Bushido: the soul of Japan

Chivalry is a flower no less indigenous to the soil of Japan than its emblem, the cherry blossom; nor is it a dried-up specimen of an antique virtue preserved in the herbarium of our history.  It is still a living object of power and beauty among us, and if it assumes no tangible shape or form, it none the less scents the moral atmosphere and makes us aware that we are still under its potent spell…It is a pleasure for me to reflect upon this subject in the language of Burke, who uttered the well-known touching eulogy over the neglected bier of its European prototype.

Fair play in fight!  What fertile germs of morality lie in this primitive sense of savagery and childhood.  Is it not the root of all military and civic virtue?  We smile (as if we had outgrown it!) at the boyish desire of the small Britisher, Tom Brown, “to leave behind him the name of a fellow who never bullied a little boy or turned his back on a big one.”  And yet, who does not know that this desire is the cornerstone on which moral structures of mighty dimensions can be reared?  May I not go even so far as to say that the gentlest and most peace-loving of religions endorses this aspiration?  The desire of Tom is the basis on which the greatness of England is largely built, and it will not take us long to discover that Bushido does not stand on a lesser pedestal.  If fighting in itself, be it offensive or defensive, is, as the Quakers rightly testify, brutal and wrong, we can still say with Lessing, “We know from what failings our virtue springs.”

— Inazo Nitobe, from Bushido:  The Soul of Japan (1905)

Dr. Nitobe was a man of impressive broad-mindedness:  a Japanese convert to Quakerism who wrote this study to help Westerners appreciate the spiritual grandeur of a martial code that his adopted faith would not let him completely share.

Self-consciously modern people will not tolerate a good word for European chivalry, but they can sometimes be tricked into feeling some respect for the samurai.  I actually found this book at my university’s bookstore among the required reading for an “Asian Studies” course.  It may be one of the few books they read in college that leave them better (and more open to forbidden thoughts) than it found them.

Nitobe has a delightful trick of granting a modernist’s objection in a way that exposes its pettiness.  For example

I am not entirely ignorant of Mr. Spencer’s view according to which political obedience–loyalty–is accredited with only a transitional function.  It may be so.  Sufficient unto the day is the virtue thereof.

And I’m going to remember to use this one

Democracy may make self-confident retorts to such a statement and fling back the question–“When Adam delved and Eve span, where then was the gentleman?”  All the more pity that a gentleman was not present in Eden!  The first parents missed him sorely and paid a high price for his absence.  Had he been there, not only would the garden have been more tastefully dressed, but they would have learned without painful experience that disobedience to Jehovah was disloyalty and dishonor, treason, and rebellion.

One last quote

I have noticed a rather superficial notion prevailing among half-informed foreigners, that because the common Japanese expression for one’s wife is “my rustic wife” and the like, she is despised and held in little esteem.  When it is told that such phrases as “my foolish father”, “my swinish son”, and “my awkward self”, etc., are in current use, is not the answer clear enough?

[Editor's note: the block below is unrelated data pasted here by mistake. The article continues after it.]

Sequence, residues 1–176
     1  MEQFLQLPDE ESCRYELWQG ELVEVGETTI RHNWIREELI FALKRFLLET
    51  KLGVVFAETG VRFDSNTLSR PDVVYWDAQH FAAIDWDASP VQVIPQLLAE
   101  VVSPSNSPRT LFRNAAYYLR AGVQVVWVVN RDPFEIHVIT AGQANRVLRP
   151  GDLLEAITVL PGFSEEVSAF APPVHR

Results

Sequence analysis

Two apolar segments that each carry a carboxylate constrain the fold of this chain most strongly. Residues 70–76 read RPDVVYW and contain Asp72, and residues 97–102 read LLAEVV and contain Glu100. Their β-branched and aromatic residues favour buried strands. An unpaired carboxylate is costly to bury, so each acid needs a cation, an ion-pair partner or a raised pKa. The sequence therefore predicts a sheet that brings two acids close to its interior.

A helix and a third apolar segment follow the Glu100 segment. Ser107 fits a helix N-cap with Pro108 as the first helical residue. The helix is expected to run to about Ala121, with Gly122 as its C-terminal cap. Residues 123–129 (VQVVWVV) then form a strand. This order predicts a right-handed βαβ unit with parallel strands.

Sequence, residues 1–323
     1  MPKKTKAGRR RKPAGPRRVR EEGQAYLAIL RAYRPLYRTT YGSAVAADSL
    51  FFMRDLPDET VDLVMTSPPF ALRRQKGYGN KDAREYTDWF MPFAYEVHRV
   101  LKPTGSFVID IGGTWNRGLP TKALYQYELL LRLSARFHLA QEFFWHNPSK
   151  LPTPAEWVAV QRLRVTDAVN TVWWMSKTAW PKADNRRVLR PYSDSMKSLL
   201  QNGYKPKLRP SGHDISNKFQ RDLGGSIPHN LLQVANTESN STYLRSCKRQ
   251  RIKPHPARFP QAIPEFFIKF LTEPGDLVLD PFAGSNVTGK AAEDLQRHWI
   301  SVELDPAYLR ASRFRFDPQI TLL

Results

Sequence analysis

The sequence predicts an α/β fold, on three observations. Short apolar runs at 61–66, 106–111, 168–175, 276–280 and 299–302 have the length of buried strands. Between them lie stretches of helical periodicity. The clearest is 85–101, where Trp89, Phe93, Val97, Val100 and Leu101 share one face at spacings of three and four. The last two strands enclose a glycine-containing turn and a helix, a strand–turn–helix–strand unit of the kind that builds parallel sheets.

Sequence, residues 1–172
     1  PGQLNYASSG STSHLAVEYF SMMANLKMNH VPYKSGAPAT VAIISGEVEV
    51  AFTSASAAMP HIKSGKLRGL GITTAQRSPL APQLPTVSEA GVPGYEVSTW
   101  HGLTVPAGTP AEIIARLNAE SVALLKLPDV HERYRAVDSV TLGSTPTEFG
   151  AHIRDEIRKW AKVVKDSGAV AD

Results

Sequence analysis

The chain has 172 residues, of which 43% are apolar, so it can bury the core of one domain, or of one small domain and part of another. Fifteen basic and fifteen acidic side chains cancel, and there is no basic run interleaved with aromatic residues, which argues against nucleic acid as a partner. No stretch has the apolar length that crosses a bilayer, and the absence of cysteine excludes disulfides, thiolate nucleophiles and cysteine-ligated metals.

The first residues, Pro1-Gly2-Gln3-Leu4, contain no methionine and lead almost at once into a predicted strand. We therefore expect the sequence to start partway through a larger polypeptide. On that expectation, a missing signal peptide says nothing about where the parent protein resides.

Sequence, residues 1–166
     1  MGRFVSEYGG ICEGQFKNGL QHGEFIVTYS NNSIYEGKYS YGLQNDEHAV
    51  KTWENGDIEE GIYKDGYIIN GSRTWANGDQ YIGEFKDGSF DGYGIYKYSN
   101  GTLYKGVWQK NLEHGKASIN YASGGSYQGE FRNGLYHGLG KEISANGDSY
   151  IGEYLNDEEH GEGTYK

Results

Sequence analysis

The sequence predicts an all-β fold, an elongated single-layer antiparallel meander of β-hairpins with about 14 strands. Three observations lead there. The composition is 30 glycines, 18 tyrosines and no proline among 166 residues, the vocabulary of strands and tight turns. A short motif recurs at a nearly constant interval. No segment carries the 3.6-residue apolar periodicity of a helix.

To me it seems that our idea of marital unions goes in some ways farther than the so-called Christian.  “Man and woman shall be one flesh”.  The individualism of the Anglo-Saxon cannot let go of the idea that husband and wife are two persons–hence when they disagree, their separate rights are recognized, and when they agree, they exhaust their vocabulary in all sorts of silly pet-names and nonsensical blandishments.  It sounds highly irrational to our ears, when a husband or wife speaks to a third party of his or her other half–better or worse–as being lovely, bright, kind, and what not.  Is it good taste to speak of one’s self as “my bright self”, “my lovely disposition”, and so forth?  We think praising one’s own wife is praising a part of one’s own self, and self-praise is regarded, to say the least, as bad taste among us–and I hope, among Christian nations too!

Nitobe goes over the main facets of the samurai way:  loyalty, politeness, stoicism, suicide, the virtues appropriate to women.  He predicts that Bushido as an explicit code will not survive the modernization of Japan, that in the end materialism and Christianity will divide the world between them.  Nevertheless, his hope is that Bushido might live on as a moral sensibility in (presumably) Christian Japan as Stoicism does in Christian Europe.

One Response

  1. >but they can sometimes be tricked into feeling some respect for the samurai

    This is one of the most heavily-abused tricks in contemporary philosophy… and one has to think that many of its practitioners know exactly what they are doing.

    This generalizes to lost European values more generally; for every forbidden European value X, there is a corresponding Japanese value, X’, which is permissibly cosmopolitan. Many of the young right-wingers believe there is elective affinity between right-wing politics and Japanese film/television for exactly this reason.

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